The Best Horror Movies to Kick Off Your Halloween Season

Spooky season is here again. The Den of Geek team celebrates the movies to watch to kick off the creepy festivities.

The Wolf Man, Young Frankenstein, Ed Wood Best Halloween Movies
Photo: Artwork by Lucy Quintanilla

We all have our own Halloween traditions. Decorating the house, dressing up like monsters, trick or treating, apple bobbing, throwing toilet paper at people’s roofs or, even just putting on a warm sweater and getting hot chocolate on the go – it’s all part of the autumn fun.

Spooky season has to start somewhere, and just like Christmas, it often kicks off with a movie. If you’re looking for suggestions of how to ease into Halloween month, here are the movies Den of Geek writers are drawn to as the nights get shorter and the blankets get snugglier. Let us know in the comments what your Halloween must-watch is…

Danny Lloyd as Danny Torrance in Stanley Kubrick's The Shining

It’s not Halloween until I watch… The Shining

There aren’t many of the usual Halloween trappings in The Shining. The Overlook Hotel isn’t crawling with cobwebs, werewolves, or slashers. Save for one notable exception of a dead lady in a bathtub, there is nary a ghoul to be seen. But none of that matters when October rolls around, because The Shining is the perfect Halloween mood-setter. 

Stanley Kubrick’s (loose) adaptation of Stephen King’s third novel is, as the kids say, a whole vibe. Wide open shots of empty hallways combined with a sparse, yet pounding score hypnotize viewers into the proper horror mindset. The movie itself seems haunted, as if the Stanley Hotel (where the exteriors were filmed at) cursed the very film stock it was captured on. The Shining is not so much a movie as it is a Halloween tulpa—or at least that’s how I view it. Spooky season doesn’t officially start for me until all work and no play makes Jack a dull boy. – Alec Bojalad

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Lon Chaney Jr. in The Wolf Man

It’s not Halloween until I watch… The Wolf Man (1941)

Universal Pictures’ original The Wolf Man is not the first of that studio’s fabled monster movies I watched. Nor as an adult do I recognize it as the best Universal Monsters movie. But it was my favorite growing up, and the one I wore out the VHS tape on every October.

Screenwriter Curt Siodmak alleged late in his life that the idea for The Wolf Man occurred to him because as a German Jewish immigrant who fled the rise of the Nazi Party, he had seen firsthand how “good men” turn into monsters. And there is something primal about the battle between good and evil in the story of Larry Talbot (Lon Chaney Jr.), the unlikely son of a Welsh nobleman who returns home from America after his brother’s death. What he finds is the most werewolf-obsessed town in movie history… and eventually an actual werewolf to boot.

As a kid, the appeal to me was Jack Pierce’s iconic monster makeup that glued Yak hair to Chaney’s face, as well as the overwhelming Grimm Fairy Tale quality to a film that seems simultaneously set in the early 20th century and the land of medieval Europe that time forgot. Later I came to better appreciate the underrated sense of despair in Chaney’s performance conveyed through his doleful eyes. And the movie is heightened further by two truly great performances courtesy of Claude Rains as Larry’s doubting father, Sir John, and Maria Ouspenskaya as the Romani woman who sees all. When those two interact around Sir John’s wayward son in the finale, it’s as good as any monster movie there’s ever been. – David Crow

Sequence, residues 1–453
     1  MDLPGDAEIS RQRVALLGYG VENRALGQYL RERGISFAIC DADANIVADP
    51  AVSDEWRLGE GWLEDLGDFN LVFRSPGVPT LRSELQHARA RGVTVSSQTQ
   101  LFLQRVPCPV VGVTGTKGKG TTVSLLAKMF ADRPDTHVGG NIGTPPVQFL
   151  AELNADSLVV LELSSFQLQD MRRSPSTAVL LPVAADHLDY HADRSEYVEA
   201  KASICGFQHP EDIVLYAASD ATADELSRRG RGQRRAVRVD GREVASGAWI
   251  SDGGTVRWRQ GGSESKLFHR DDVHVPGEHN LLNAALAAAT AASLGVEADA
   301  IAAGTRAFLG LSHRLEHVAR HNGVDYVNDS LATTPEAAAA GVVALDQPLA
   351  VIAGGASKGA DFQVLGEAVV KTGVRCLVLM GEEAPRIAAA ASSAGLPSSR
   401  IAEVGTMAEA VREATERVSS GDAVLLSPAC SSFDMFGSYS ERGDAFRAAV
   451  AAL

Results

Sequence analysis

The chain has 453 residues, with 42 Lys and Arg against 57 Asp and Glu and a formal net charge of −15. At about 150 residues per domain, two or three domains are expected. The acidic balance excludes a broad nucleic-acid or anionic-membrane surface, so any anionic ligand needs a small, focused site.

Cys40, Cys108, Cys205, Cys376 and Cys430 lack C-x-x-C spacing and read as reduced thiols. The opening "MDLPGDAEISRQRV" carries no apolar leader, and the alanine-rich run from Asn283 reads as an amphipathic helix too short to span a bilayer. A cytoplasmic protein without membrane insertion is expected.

Robert De Niro in Angel Heart

It’s not Halloween until I watch… Angel Heart

The spooky season, for me, begins with Angel Heart. Mind you, I may watch it in the middle of June, but it will set off a binge of deep psychological satanic horror that will last until Christmas. Every year, I follow Mickey Rourke’s Harry Angel from his private detective’s office on 23rd Street, down to Coney Island, and off to New Orleans for the all-consuming thrill of dread. But be warned: most horror films will pale in comparison, leading viewers to a deeper dive into demonic terror looking for a more potent dose. There are none. Angel Heart is horror perfection.

Made by master storyteller Alan Parker, the devil is in the details, and they are always shrouded in a corner, framed by burnt color coding, and teasing foreshadowing. Robert De Niro’s Louis Cyphre is a Mephistophelian marvel, which is a mouthful in Manhattan, whose very presence tingles with the charge of sinister energy. He invokes the most evil parts of Martin Scorsese for a charismatic and seditiously seductive overseer. Charlotte Rampling brings ice cold, dead-eyed menace to her Margaret Krusemark, alias Madame Zora, alias the Witch of Wellesley, the debutante with the ceremonial dagger, and the right hand of a convicted murderer, cut off while his neck was still in the noose. But the most damning temptation is the young voodoo priestess Epiphany Proudfoot (Lisa Bonet), the true victim and lost salvation.

The private detective signed on for a simple missing person case, a golden-throated singer who skipped out on a personal contract, and gets dragged so deep in the muck that the audience feels dirty.  As Johnny Favorite rides the elevator to perdition, we are more than scared. It feels like we’ve sinned. – Tony Sokol

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Johnny Depp as Ed Wood and Martin Landau as Bela Lugosi in Tim Burton's Ed Wood (1994)

It’s not Halloween until I watch… Ed Wood